I suspend a lot of belief for SPN, of course we all have to. We're not expecting “reality”, please, but I don't want to be thrown clear out of an episode because it's not being consistent with its own internal logic.
When I watch SPN, I can't help but do it through two different sets of eyes: one set watches with a deep love for the characters and the world they live in, but when the show doesn't seem to stick to its own rules—when something makes me go “Huh, whut?” or “Really?!”—I use the other set to consider outside forces that might explain why certain debatable decisions were made. (I'm not always in consensus with all fans, but who is?)
Sitting down for a re-watch, eh, maybe WS wasn't as bad as I'd remembered. Now that a lot of the fandom heat has died down, I can watch it with a bit more objectivity. It wasn't awful. Nor was it stellar. Yeah, Donna's accent is still over-the-top and Claire still isn't my favorite Sister. And the Winchesters' time spent in The Bad Place is still a bit of a stretch, in terms of how ineffectual the boys were made to seem.
I feel like maybe WS was so desperately hyped, there was no way it was going to live up to such high standards. The fans who want it to succeed, sight unseen, will champion the spin-off no matter how good or bad, and the fans who want it to fail, will pan it with equal prejudice. It's those in-betweeners like me who WS needs to win over, as well as the non-fandom viewing audience. I'm not sure it did that, but I'm also pretty sure it'll get picked up anyways; this is SPN's last best hope for a spin-off, and the network loves SPN and lordie knows, a female-dominant cast is timely.
Anywho, there's been much complaint about Sam and Dean being made to seem ineffectual so that Claire could swoop in and save the day. I don't think those complaints are wholly unfounded, and it certainly didn't help that Claire is unliked by a goodly chunk of fandom. (She's a whiny teen, she's just there because she's Castiel's vessel's daughter, yadda yadda.) If, say, Jody or Donna had been the one to do the actual rescuing of the Winchesters, I would put money on the whinging being greatly decreased.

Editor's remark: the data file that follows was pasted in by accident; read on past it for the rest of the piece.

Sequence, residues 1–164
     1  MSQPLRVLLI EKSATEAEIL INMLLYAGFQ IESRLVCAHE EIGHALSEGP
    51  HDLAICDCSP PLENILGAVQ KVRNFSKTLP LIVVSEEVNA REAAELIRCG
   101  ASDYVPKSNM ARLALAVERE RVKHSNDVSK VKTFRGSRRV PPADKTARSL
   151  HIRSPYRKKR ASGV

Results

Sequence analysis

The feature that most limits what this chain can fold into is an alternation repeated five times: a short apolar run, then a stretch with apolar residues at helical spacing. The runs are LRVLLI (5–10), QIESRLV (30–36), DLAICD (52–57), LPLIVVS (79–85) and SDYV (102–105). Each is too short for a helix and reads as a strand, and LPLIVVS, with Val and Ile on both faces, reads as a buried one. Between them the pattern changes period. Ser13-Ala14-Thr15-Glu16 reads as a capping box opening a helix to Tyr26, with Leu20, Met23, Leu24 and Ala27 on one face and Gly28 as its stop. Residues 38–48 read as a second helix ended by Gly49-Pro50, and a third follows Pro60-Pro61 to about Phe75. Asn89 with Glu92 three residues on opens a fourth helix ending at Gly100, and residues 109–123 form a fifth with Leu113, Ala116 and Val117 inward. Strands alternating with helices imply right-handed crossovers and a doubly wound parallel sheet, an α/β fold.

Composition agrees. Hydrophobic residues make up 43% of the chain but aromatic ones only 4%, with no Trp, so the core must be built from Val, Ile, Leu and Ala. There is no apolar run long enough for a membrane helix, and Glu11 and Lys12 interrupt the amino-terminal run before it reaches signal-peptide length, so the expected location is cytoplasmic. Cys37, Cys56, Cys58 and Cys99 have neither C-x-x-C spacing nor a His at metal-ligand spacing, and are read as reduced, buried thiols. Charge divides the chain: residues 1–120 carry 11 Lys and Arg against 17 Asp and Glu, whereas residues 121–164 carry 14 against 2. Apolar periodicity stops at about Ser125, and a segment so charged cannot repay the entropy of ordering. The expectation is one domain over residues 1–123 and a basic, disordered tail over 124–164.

So there's that.
But also, we're supposed to believe that Sam and Dean have traipsed around a dim forest for two days and haven't seen a brightly glowing, fiery slice in the fabric of reality? They know they're being tracked—they've heard footfalls and whatnot—and yet not-Kaia can sneak up right behind them and take them down, boom boom boom? (The boys are later shown to be armed with angel blades. And neither one could access those, during the fight. Oookay.)
Not-Kaia, seemingly alone, manages to drag two grown-ass men to some clearing x-distance away (it is notably an area the boys have not seen before), and stands them up, gets them tied to trees … and leaves them armed with their angel blades. (Why didn't she just kill them outright? To feed not-Cthulhu? Will we ever know?) It doesn't take Claire and our-Kaia long to find (non-glowing) Sam and Dean, which indicates that the rift wasn't that far away. Okay, sure, Jan. Then they cut the boys free, flee, but are apparently still being tailed by not-Kaia because as soon as they try to get through the rift, not-Kaia lobs her spear-thing at our-Kaia, and the group must escape without her. Blip, rift gone.
Every scene with the Winchesters was solely designed to set up WS. No surprise there. But the show took umpteen shortcuts and demanded that the viewer make up their own rationale as to why the boys were as failsauce as they were. (I KNOW, people don't say “failsauce” anymore, but if the slang fits...)
This practice drives me nuts.
From an authorial POV, I accept that they had to set up some quick way for Claire to easily rescue the boys. But from an in-world viewpoint, it just didn't fly for me. I will suspend my belief in monsters, in magic, in Heaven and Hell, because all that exists in the SPN universe … but the occasion that Sam and Dean both are both just routine fumblebutts, 'muggles' for all intents and purposes, is harder for me to swallow. If a little more cleverness had been used to craft their Bad Place scenes, I'd have enjoyed the episode far, far more.
(Full disclosure: yes, I watch the show for the Winchesters. It doesn't mean I “hate” any character, nor wish death upon the WS spin-off. I'm a no-kink-shaming, ship-and-let-ship fan. I am also a proponent of fanon being fanon, and canon being canon. We have our luxuries in fandom to do anything and everything under the sun; the show has far more constraints on its standards and practices.)